If there’s one thing you can count on on the internet, it’s nothing. The whole thing is made of lies, rumors, conjecture, and outrage. But while adults believe lies like “the election was fake” and attempt to destroy American democracy over it, kids believe dumb rumors about Kanye West and Helen Keller. I know which world I’d rather live in.
TikTok rumor of the week: Helen Keller is fake
If any young people in your life tell you that Helen Keller was a liar, blame TikTok. Keller, who was struck both deaf and blind in infancy, overcame great adversity to become an internationally famous author and political advocate…at least that’s what they want you to believe.
“I’ve heard it my whole life. She’s deaf. She’s blind. She’s amazing,” TikTok user krunk19 said in recently posted a video. “Guess what. She lied. She’s a liar. Her and that monster Anne Sullivan pulled the wool over our eyes and nobody has thought to question it.” His evidence? There isn’t any evidence; it’s the internet. Other TikTokers have taken it further and contend that Keller never existed at all.
While these views are shitty and ableist (as are most “jokes” on TikTok’s Hellen Keller hashtag), they seem to be meant as funny. But given how fake everything else is, you could understand why someone might think, “sounds plausible,” and decide Keller was hoaxer. But for the record: Helen Keller was real and was actually deaf and blind.
Music rumor of the Week: Is Kanye dating Jeffree Star?
I probably wouldn’t cover Kanye West in a column about what young people like—he’s dad-hop at this point—but this rumor is too good. The buzz on the internet is Yeezy dropped Kim Kardashian to get with Jeffree Star. West supposedly hooked up with Star, a flamboyant, YouTube-famous makeup artist, while he and Kim were still married. Jeffer-ye Stest spent a romantic vacation together in Wyoming, according to the scuttlebutt.
The source of the rumor is dubious—TikTok provocateur (TikTokateur?) Ava Louise, best known for licking a toilet, who first floated the gossip without providing any substantiation. Still, when asked, Star didn’t deny it. Personally, I know this one is fake because Wyoming doesn’t exist.
Twitter controversy of the week: The saga of “Bean Dad”
Everything on the internet is fake, but you can still learn from it. This week, the lesson comes via a negative example from the “Bean Dad,” also known as musician John Roderick. In a series of tweets, Roderick detailed a “parenting moment” where his nine-year-old daughter was hungry, so Roderick handed her a can of baked beans and a can opener and said, “Open it up, kid.” But his daughter couldn’t figure out how the tool worked. Instead of showing her or opening the can himself like any halfway sane human, Roderick told her to “figure it out herself,” and refused to help. For six hours. The increasingly hungry kid spent six hours struggling with a can opener while her father did a jigsaw puzzle and repeatedly refused to help her.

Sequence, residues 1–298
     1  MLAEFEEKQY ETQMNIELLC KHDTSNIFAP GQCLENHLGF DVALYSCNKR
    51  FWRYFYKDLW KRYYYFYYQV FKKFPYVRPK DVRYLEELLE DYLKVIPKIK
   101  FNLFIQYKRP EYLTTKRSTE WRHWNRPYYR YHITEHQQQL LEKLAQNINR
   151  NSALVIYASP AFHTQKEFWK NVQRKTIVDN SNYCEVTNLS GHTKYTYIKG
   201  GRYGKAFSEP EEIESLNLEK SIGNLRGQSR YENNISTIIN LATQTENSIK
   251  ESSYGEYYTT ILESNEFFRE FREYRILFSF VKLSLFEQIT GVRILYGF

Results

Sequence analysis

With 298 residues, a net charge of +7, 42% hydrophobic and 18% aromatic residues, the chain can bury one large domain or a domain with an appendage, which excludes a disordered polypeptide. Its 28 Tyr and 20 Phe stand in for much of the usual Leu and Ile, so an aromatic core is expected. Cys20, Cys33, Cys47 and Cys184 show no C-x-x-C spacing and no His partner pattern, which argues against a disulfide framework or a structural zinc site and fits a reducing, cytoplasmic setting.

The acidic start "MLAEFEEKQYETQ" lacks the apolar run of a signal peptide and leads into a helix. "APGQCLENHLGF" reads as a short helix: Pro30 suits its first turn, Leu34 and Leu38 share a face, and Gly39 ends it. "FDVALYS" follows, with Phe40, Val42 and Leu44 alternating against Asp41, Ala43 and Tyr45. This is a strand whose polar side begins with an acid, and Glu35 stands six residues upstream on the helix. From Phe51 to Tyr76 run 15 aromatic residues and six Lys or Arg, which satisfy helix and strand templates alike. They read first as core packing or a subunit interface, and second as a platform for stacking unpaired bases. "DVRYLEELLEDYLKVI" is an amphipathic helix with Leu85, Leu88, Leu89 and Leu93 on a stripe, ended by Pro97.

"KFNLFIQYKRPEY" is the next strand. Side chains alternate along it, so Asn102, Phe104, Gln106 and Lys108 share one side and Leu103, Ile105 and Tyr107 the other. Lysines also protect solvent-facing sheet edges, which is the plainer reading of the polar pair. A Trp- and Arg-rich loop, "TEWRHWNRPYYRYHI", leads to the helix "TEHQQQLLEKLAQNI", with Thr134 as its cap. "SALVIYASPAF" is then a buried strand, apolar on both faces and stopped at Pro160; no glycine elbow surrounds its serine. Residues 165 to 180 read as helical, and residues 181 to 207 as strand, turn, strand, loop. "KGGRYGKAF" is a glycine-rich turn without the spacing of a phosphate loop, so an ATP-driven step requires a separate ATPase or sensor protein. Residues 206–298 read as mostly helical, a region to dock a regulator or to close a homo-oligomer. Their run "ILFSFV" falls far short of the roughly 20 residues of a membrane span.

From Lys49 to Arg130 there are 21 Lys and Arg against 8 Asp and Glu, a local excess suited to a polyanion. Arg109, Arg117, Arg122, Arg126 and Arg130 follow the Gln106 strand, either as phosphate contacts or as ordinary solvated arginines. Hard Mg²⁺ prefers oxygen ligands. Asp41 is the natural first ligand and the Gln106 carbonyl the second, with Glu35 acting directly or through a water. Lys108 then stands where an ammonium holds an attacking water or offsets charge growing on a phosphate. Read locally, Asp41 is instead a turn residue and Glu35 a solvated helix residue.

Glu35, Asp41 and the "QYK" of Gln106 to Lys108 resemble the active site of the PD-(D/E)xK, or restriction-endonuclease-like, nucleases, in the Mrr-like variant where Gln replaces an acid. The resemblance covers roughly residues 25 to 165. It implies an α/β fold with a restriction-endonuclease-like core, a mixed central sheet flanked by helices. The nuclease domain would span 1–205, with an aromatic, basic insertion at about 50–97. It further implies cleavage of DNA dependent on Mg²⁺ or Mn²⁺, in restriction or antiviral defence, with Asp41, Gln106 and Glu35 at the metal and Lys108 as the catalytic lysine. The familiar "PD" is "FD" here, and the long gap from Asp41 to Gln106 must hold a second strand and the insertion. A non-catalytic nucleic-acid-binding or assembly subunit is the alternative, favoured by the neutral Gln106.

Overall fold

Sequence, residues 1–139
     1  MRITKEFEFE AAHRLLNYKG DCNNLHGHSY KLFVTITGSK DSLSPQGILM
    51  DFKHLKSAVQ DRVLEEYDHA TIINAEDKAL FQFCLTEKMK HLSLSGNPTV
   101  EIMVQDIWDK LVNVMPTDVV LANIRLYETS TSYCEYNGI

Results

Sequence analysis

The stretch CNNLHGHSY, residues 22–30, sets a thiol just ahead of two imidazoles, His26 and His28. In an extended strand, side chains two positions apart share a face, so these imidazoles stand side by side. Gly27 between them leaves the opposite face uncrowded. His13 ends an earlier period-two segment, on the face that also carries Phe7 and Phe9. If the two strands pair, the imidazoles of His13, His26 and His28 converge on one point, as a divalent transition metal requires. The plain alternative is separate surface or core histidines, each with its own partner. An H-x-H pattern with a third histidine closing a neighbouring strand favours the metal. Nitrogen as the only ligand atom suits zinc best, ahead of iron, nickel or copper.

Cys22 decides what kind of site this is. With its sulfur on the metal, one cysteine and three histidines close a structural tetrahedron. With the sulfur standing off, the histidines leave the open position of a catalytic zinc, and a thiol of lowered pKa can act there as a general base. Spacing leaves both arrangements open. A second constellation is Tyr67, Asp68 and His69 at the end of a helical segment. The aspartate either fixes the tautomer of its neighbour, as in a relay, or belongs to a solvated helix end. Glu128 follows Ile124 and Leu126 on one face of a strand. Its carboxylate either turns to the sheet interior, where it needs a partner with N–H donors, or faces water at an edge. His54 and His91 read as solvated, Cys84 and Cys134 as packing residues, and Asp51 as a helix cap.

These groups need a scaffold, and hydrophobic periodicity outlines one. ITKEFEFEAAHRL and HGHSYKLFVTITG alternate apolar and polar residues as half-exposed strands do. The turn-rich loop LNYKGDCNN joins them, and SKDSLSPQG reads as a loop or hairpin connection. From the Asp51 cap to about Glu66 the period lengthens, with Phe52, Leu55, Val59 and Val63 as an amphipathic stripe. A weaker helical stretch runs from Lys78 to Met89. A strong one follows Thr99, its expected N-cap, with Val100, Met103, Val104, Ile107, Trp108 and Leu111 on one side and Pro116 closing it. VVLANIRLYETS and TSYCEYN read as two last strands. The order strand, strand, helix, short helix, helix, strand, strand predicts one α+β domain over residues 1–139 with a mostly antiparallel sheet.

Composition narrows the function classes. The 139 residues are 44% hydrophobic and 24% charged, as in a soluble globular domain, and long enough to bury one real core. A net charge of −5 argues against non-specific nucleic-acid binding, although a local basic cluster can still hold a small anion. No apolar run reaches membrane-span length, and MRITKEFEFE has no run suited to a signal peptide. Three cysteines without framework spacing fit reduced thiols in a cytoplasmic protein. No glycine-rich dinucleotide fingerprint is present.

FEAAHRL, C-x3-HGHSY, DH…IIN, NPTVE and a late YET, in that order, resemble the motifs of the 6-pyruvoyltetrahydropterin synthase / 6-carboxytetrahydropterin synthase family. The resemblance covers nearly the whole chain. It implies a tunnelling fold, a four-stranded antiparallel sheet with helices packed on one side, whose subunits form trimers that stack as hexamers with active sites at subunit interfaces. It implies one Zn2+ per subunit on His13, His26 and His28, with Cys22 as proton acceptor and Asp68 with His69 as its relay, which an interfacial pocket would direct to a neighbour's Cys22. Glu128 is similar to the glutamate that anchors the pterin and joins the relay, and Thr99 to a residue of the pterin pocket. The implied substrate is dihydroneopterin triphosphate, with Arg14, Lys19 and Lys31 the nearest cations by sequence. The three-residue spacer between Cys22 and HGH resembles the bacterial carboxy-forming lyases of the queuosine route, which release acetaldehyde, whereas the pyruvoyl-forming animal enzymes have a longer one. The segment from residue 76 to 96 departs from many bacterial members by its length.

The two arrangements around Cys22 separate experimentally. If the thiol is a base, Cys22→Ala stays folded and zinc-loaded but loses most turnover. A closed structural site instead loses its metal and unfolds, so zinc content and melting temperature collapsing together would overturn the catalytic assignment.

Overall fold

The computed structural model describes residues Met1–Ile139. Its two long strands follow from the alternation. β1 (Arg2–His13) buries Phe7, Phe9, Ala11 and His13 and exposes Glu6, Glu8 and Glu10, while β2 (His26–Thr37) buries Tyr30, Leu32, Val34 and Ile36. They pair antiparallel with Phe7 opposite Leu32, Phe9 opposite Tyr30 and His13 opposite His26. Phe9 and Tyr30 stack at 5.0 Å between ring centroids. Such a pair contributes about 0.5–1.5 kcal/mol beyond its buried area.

I’m not going to judge parenting, but I know enough to keep my stories of parental neglect and assholishness off Twitter. Users on the site very quickly broke out the torches and pitchforks, savaged Roderick in the comments, pointed out that his daughter will have lots to discuss in therapy, and dug up some old racism too. The whole thing went viral, and Roderick deleted his account.
Later, he apologized, and it reads as sincere. He said “asshole dad” is kind of a bit, and the old racism was ironic—a ham-handed woke white dude thinking his wokeness makes it okay to be jokingly racist. Also: His band, The Long Winters, are pretty good. So should the internet forgive him? I don’t know. I guess I don’t actually care, to be honest. Just bring on the next outrage!
Viral video of the week: Wonder Woman 1984 pitch meeting
Wonder Woman 1984 is has many people asking “how did this get made?” and this week’s viral video answers that burning question. YouTuber Screen Rant’s hilarious fake pitch meeting for Wonder Woman 1984 eviscerates the super-hero movie, detailing every gaping plot-hole, contrivance, and leap-of-logic in the film, as well as doing a dead-on takedown of smarmy Hollywood’s braindead “creative process.” If you click on nothing else for the rest of your life, click on this video.
Gaming hoax of the Week: Duracell and Xbox rumor
The big rumor in gaming this week is that Microsoft has a longstanding partnership with battery maker Duracell that forces the console maker to only design controllers that use AA batteries. Insidious!
I get why people believe this one: I have an Xbox and the thing eats batteries like I eat pie, and since corporations are terrible, why wouldn’t they create “synergy” by forcing me to buy cases of expensive AAs to play Assassin’s Creed: Valhalla?
But it’s all a lie. A half-a-lie, anyway. While Microsoft and Duracell have a long-standing partnership, and “you need batteries” is the default for Xbox controllers, the two facts aren’t dependent on one another. According to Microsoft, the company “intentionally offers consumers choice in their battery solutions for our standard Xbox Wireless Controllers.”
Sure, not providing a rechargeable battery pack with controllers is about giving me a choice not forcing me to buy a battery pack accessory. Thanks for the awesome choice, guys!